translate into ISUP CPG messages as indicated in Section 8.2.3.

   7.  When the SIP node answers the call, it will send a 200 OK
       message.

   8.  Upon receipt of the 200 OK message, the gateway will send an ANM
       message towards the ISUP node.

   9.  The gateway will send an ACK to the SIP node to acknowledge
       receipt of the INVITE final response.


8.1.2 Auto-answer call setup

        SIP                       MGC/MG                       PSTN
          |                          |<-----------IAM-----------|1
          |                          |==========Audio==========>|
         2|<--------INVITE-----------|                          |
         3|-----------200----------->|                          |
          |<=========Audio==========>|                          |
          |                          |------------CON---------->|4
          |                          |<=========Audio==========>|
         5|<----------ACK------------|                          |

   1.  When a PSTN user wishes to begin a session with a SIP user, the
       PSTN network generates an IAM message towards the gateway.

   2.  Upon receipt of the IAM message, the gateway generates an INVITE
       message, and sends it to an appropriate SIP node based on called
       number analysis.

   3.  Since the SIP node is set up to automatically answer the call, it
       will send a 200 OK message.

   4.  Upon receipt of the 200 OK message, the gateway will send a CON
       message towards the ISUP node.

   5.  The gateway will send an ACK to the SIP node to acknowledge
       receipt of the INVITE final response.








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8.1.3 SIP Timeout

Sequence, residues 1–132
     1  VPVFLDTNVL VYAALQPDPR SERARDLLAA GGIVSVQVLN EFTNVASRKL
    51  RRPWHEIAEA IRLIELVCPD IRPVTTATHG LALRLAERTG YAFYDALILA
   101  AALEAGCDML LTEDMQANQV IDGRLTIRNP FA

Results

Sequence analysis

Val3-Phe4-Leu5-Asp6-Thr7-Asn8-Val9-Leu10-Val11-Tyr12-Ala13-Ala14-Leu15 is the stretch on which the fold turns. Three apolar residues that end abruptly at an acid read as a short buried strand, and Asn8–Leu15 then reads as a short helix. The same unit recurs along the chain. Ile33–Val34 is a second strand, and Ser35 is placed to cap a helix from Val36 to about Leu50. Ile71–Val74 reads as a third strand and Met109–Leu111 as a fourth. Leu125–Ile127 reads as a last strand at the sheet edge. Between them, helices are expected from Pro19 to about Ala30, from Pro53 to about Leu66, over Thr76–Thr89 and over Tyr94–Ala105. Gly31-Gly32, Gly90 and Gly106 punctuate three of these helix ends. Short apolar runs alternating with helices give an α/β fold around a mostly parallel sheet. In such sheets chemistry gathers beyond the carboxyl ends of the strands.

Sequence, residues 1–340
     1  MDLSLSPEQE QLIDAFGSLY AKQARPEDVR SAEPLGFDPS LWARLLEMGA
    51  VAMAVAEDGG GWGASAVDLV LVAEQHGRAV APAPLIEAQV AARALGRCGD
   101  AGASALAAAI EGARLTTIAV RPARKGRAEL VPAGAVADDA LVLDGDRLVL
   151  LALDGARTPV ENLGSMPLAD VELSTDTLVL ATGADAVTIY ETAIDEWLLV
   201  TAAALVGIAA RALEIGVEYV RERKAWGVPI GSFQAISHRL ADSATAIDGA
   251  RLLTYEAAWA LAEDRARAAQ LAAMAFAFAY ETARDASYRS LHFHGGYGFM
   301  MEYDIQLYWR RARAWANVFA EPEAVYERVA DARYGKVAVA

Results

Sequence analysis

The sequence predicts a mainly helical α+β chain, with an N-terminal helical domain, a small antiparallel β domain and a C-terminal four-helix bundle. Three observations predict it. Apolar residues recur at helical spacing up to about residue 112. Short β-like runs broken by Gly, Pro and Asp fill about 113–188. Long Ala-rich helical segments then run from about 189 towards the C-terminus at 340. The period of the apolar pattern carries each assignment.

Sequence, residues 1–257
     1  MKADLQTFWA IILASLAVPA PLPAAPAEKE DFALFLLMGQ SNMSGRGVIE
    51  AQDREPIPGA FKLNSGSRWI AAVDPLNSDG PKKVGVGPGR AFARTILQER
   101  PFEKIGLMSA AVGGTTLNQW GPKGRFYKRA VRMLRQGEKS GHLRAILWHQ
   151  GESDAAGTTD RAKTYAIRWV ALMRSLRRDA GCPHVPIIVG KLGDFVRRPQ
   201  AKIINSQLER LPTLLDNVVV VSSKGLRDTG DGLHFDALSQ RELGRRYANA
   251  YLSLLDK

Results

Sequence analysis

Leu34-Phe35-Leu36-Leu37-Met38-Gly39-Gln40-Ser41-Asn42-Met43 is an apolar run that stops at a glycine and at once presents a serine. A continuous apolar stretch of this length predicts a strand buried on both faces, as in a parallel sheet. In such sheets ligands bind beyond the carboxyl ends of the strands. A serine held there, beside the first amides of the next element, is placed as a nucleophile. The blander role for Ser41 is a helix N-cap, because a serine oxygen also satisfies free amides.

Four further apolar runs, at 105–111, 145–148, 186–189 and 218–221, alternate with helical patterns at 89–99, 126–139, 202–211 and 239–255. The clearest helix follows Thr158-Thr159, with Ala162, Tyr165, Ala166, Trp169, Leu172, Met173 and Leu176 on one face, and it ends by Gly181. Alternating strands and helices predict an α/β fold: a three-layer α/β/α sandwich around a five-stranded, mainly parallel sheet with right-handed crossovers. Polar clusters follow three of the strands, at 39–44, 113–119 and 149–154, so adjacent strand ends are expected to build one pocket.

SIP                       MGC/MG                       PSTN
          |                          |<-----------IAM-----------|1
          |                          |==========Audio==========>|
         2|<--------INVITE-----------|                          |
          |    *** T1 Expires ***    |                          |
         3|<--------INVITE-----------|                          |
          |    *** T1 Expires ***    |                          |
          |<--------INVITE-----------|                          |
          |                          |    *** T11 Expires ***   |
          |                          |------------ACM---------->|4
          |    *** T1 Expires ***    |                          |
          |<--------INVITE-----------|                          |
          |    *** T1 Expires ***    |                          |
          |<--------INVITE-----------|                          |
          |    *** T1 Expires ***    |                          |
          |<--------INVITE-----------|                          |
          |    *** T1 Expires ***    |                          |
          |<--------INVITE-----------|                          |
          |    *** T1 Expires ***    |                          |
          |             ** MG Releases PSTN Trunk **            |
          |                          |------------REL---------->|5